This piece was originally published (as a review of DVD releases of Dracula – under its US title The Horror of Dracula – and The Curse of Frankenstein) in Video Watchdog. It was written before the discovery of the Japanese version that has allowed for a more thorough restoration on BluRay.
We last looked at these cornerstones of Hammer horror (VW 20: 67, 21:69) as Japanese laserdiscs. Both have, of course, been available on homevideo and laser in various versions in America, Britain and around the world, and are doubtless familiar to anyone reading this from theatrical revivals, frequent television screenings and an entire library of critical interpretation and historical scholarship. These are films you don’t have a position on, but a relationship with: in reviewing the FRANKENSTEIN laser, Tim Lucas states that his fondness for the film had ‘dissipated considerably over the last decade or so’ but was restored by that edition.
One’s feelings for Terence Fisher’s reinventions of the key texts of the horror film are affected by the specifics of each new re-release, but are also influenced by other factors – the familiarity not only of the films themselves but of their sequels and imitations, the way that elements of the genre which originate here have become so prevalent that innovations seem old hat. Few horror films are as beloved as this pair and few were more eagerly awaited on DVD. Given the the existence of extras-packed Anchor Bay discs of their worst sequels SCARS OF DRACULA and HORROR OF FRANKENSTEIN, there has understandably been disappointment that Warner Home Video should opt for frill-free packages along the lines of their disc of THE MUMMY. Symptomatic of the lack of care taken with these titles is the lame tagline (Christopher Lee’s fang-tastic, first-ever performance as the Lord of the Undead’) and a misplaced still of Stephanie Beacham in DRACULA AD 1972 on the DRACULA keepcase (FRANKENSTEIN has a still of Peter Cushing and Yvonne Furneaux from THE MUMMY!).
Even the ubiquitous Christopher Lee, who contributes a featurette interview and a reading to the MGM disc of Hammer and Fisher’s THE HOUND OF THE BASKERVILLES, is absent – though one of the surprises of rewatching the films is how brief his appearances are in both the films that sealed his reputation as a horror star. Lee gets more onscreen time as a stooge in BASKERVILLES than as the monster macguffin brought to life fifty minutes into FRANKENSTEIN or the title Count who has no dialogue after the first reel of DRACULA. It is fruitless to complain about what these discs are not, when there is still much to be said about what they are.
Paradoxically, the differences between the Warner Hammer and the Anchor Bay Hammer indicates the difference in status between the titles the companies are releasing: THE CURSE OF FRANKENSTEIN and HORROR OF DRACULA have cachet enough to stand alone as mainstream titles, obviously essential to any broad-based movie library, while the copy-of-a-copy sequels can only cling to cultishness and need the accoutrements of pitched-to-the-fans special editions to attract any interest. To play to a non-specialist viewer, the Warner releases need only the qualities and extras expected of the DVD medium. Both titles boast probably the best-looking (if not framed) transfers the films have had since their original theatrical engagements.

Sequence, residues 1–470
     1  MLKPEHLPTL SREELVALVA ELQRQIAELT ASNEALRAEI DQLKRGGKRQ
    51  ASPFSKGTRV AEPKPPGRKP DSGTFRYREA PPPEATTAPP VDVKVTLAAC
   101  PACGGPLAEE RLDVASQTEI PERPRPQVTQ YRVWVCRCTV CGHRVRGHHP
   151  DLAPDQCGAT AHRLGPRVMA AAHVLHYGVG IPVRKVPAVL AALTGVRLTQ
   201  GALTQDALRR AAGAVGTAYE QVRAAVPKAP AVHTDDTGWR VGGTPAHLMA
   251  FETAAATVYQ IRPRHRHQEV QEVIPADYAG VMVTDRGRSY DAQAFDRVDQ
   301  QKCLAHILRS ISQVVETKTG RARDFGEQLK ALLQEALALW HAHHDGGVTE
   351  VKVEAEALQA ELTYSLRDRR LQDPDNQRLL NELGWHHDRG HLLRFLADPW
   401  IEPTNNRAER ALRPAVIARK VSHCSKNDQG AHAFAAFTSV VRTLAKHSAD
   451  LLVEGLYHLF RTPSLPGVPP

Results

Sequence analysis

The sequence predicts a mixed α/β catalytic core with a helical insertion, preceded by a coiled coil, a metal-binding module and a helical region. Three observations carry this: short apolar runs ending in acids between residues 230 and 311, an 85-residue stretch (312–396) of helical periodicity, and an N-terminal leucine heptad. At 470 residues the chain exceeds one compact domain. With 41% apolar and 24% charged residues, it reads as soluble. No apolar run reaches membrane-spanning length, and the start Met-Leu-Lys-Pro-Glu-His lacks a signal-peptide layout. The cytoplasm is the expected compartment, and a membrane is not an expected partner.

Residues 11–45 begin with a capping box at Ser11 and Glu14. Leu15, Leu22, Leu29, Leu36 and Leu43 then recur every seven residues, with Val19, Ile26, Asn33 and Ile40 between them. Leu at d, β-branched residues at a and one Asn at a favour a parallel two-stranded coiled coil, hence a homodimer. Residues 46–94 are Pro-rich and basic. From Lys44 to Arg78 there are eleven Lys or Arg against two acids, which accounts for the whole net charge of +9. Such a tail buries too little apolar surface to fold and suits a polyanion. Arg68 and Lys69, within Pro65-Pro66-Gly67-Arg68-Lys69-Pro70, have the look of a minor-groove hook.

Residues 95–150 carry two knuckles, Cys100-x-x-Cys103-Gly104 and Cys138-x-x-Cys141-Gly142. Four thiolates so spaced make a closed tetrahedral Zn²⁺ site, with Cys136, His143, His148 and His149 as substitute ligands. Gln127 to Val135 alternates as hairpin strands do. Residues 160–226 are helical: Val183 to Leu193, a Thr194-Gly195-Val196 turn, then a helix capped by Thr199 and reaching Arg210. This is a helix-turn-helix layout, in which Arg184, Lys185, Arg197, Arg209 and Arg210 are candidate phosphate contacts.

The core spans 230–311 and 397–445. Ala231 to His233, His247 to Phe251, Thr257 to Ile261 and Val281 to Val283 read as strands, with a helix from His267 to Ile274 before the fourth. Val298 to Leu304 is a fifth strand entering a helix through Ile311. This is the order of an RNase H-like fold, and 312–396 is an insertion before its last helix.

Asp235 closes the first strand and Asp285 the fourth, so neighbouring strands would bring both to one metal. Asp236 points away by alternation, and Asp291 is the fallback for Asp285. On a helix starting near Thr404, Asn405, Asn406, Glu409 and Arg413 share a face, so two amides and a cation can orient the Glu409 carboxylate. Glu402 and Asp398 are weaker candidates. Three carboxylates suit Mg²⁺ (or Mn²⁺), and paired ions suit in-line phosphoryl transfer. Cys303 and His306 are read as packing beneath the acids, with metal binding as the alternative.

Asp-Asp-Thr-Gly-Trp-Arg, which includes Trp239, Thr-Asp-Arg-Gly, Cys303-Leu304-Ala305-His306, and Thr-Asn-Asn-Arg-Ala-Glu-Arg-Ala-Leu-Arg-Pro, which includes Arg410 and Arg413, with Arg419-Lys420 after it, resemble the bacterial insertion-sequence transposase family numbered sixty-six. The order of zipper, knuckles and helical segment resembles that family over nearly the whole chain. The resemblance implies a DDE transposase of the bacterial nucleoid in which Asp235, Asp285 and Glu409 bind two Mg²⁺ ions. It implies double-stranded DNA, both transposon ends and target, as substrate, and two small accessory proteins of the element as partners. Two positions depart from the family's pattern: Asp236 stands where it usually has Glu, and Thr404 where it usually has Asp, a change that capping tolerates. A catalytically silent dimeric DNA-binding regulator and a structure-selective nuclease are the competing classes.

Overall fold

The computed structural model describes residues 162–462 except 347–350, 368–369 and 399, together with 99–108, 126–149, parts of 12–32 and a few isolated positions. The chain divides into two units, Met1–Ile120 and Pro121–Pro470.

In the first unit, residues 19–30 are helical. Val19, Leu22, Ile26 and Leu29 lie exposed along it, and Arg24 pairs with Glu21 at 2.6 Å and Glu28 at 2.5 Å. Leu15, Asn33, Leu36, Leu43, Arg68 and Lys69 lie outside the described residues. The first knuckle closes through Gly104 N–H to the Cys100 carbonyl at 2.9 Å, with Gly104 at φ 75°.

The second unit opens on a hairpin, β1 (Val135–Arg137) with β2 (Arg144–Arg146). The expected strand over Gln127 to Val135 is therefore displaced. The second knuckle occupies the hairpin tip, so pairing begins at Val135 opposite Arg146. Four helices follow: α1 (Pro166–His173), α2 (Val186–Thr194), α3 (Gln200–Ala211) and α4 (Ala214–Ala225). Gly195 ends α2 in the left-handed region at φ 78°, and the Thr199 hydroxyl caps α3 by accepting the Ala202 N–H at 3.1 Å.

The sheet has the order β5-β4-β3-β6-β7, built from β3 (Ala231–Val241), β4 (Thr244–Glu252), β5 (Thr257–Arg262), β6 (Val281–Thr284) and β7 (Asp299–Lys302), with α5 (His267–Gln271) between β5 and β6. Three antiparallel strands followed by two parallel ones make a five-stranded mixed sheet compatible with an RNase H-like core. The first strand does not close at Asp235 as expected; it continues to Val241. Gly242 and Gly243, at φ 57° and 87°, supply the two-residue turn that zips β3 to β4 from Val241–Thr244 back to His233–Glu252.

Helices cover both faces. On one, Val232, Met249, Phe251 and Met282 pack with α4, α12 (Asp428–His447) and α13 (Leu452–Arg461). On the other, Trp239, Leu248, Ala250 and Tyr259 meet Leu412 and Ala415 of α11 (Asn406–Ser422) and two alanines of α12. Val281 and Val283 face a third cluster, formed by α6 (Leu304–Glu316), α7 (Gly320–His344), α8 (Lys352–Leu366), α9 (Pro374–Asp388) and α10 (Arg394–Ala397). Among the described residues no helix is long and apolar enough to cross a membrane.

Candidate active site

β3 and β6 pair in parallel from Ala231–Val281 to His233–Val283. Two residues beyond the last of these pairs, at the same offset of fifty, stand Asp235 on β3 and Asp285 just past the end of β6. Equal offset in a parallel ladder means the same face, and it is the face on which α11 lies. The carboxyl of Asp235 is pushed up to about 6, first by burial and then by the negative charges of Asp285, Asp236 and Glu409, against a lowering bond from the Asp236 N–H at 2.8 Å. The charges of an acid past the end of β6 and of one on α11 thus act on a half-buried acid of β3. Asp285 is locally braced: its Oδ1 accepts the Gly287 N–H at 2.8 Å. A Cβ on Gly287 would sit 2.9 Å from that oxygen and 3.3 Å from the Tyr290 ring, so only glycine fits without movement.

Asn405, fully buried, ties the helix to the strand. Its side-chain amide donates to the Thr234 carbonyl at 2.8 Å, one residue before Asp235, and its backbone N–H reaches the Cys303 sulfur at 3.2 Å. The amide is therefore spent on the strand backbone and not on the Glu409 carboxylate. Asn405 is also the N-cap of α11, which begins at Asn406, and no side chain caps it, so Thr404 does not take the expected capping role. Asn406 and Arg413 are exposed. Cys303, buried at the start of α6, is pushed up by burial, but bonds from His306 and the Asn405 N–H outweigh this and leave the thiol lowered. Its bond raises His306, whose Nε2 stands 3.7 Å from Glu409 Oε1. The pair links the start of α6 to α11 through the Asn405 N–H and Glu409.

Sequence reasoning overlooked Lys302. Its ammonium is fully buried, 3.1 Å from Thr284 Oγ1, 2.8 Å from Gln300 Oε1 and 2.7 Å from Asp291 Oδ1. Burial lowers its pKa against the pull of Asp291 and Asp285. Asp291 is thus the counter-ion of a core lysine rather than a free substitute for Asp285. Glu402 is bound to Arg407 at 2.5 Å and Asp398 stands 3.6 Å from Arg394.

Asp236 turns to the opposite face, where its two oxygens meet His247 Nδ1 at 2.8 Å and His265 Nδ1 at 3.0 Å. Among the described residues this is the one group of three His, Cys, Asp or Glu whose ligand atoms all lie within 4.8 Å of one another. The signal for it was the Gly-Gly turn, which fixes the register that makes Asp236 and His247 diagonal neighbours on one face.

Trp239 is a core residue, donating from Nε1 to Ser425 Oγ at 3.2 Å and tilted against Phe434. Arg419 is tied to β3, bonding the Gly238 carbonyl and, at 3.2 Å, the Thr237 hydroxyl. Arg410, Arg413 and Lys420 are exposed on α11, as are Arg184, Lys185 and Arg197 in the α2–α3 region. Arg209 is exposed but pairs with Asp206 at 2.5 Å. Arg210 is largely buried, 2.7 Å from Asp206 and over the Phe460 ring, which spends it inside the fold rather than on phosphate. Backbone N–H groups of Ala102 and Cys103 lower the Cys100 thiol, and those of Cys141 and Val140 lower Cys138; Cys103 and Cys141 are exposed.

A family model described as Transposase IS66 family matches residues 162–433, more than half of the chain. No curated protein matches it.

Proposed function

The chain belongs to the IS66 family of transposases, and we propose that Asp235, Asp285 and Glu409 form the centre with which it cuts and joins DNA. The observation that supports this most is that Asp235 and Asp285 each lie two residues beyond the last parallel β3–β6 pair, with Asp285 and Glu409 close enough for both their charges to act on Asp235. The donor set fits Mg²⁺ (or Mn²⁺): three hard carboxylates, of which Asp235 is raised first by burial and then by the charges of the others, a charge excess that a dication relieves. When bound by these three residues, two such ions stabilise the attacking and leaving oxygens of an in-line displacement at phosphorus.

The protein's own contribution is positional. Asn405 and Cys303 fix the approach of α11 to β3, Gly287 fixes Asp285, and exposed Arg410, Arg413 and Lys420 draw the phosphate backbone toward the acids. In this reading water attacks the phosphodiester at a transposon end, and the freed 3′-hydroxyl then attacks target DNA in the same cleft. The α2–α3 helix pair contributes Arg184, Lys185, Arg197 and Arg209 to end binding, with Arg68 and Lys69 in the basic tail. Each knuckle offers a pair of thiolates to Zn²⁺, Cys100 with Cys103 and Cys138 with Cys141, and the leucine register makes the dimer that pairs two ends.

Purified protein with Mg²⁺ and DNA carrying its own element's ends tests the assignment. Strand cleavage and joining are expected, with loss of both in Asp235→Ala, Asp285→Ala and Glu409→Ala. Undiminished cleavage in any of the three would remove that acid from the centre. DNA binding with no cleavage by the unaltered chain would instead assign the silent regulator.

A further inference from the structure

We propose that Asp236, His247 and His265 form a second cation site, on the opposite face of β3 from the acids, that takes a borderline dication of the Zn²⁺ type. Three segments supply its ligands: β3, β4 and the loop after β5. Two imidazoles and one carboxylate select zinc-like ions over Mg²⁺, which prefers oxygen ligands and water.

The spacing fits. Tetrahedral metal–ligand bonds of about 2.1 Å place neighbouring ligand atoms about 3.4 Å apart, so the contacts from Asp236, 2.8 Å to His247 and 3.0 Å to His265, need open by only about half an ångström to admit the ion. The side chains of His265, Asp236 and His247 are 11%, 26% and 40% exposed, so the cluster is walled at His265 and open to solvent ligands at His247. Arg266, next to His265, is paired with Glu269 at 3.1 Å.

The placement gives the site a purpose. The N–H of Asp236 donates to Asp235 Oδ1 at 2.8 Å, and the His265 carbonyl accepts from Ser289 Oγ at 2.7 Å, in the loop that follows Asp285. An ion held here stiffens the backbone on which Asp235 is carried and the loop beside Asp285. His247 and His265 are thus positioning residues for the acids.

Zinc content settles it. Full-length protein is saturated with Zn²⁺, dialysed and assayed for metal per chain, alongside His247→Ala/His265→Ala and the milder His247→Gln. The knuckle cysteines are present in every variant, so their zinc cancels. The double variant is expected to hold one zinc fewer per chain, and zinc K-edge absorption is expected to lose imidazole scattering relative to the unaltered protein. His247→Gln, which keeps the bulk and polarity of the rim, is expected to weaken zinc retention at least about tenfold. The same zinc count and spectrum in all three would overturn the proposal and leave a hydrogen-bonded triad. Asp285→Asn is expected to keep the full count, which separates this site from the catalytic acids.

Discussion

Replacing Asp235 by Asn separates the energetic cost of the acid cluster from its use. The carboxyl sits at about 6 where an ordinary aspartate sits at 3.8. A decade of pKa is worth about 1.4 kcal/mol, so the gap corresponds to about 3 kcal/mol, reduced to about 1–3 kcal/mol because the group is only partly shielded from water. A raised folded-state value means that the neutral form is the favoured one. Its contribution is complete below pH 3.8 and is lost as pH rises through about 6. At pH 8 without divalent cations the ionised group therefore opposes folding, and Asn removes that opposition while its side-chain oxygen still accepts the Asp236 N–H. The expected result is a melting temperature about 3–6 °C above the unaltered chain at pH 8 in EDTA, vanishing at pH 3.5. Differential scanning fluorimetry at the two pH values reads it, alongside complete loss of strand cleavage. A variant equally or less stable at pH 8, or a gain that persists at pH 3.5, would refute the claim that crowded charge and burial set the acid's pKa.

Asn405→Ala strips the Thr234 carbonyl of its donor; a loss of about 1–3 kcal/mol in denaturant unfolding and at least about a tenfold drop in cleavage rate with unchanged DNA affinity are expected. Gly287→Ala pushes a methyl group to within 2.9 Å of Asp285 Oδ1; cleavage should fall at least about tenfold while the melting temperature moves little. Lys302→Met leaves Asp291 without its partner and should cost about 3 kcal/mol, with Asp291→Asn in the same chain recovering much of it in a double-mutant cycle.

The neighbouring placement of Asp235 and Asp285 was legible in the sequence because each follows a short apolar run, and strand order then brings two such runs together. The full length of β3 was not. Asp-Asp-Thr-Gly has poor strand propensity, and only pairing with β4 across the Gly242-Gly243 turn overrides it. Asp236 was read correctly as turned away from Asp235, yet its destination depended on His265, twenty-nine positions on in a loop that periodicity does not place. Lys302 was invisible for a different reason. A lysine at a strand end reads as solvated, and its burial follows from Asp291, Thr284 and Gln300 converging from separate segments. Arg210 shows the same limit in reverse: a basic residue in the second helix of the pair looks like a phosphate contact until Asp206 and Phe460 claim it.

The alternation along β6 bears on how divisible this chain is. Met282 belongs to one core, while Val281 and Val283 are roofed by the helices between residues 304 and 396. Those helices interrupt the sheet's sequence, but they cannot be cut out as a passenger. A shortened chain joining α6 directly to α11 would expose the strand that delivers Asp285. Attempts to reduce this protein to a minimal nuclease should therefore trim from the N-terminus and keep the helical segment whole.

The major beneficiaries of presentation of these films in DVD format are director Terence Fisher, cinematographer Jack Asher, production designer Bernard Robinson, stars Cushing and Lee, make-up man Phil Leakey and a handful of very valuable comedy bit-players. Those whose reputations are liable to slide a notch include screenwriter Jimmy Sangster (the immediate sequels, THE REVENGE OF FRANKENSTEIN and THE BRIDES OF DRACULA, where Sangster’s work is augmented by others credited and uncredited, feel a lot less like ‘first drafts’ than his efforts here), stuffy leading men Robert Urquhart and Michael Gough and whichever nameless functionary decided HORROR OF DRACULA needed to be overmatted for 16×9 (the last Warner UK video release more sensibly opted for 14:9).
Because overly tight-framing irritatingly slices off the tops of many heads like breakfast eggs, DRACULA is the less-pleasing of the discs. In an unscientific experiment, I looked at a random five minutes of the film and found thirteen shots where the misframing severely or mildly compromised the compositions as opposed to seven which seemed okay. FRANKENSTEIN is also presented in 16×9 but the framing is never a problem, suggesting the film was composed for more severe theatrical matting or that Robinson allowed more headroom and Asher didn’t get quite as close to the actors – it may also be that many shots in FRANKENSTEIN are more obviously suited to horizontals as two scientists stand over a creature laid out on a table.
Robinson and Asher give the films different design and colour schemes, though both contrast chintzy, cosy domestic spaces with more bizarre environments (the laboratory, the castle) associated with the title menaces. FRANKENSTEIN looks so good on DVD that for the first time in any home entertainment medium it is possible to see that the titles play against swirling red smoke rather than solid background.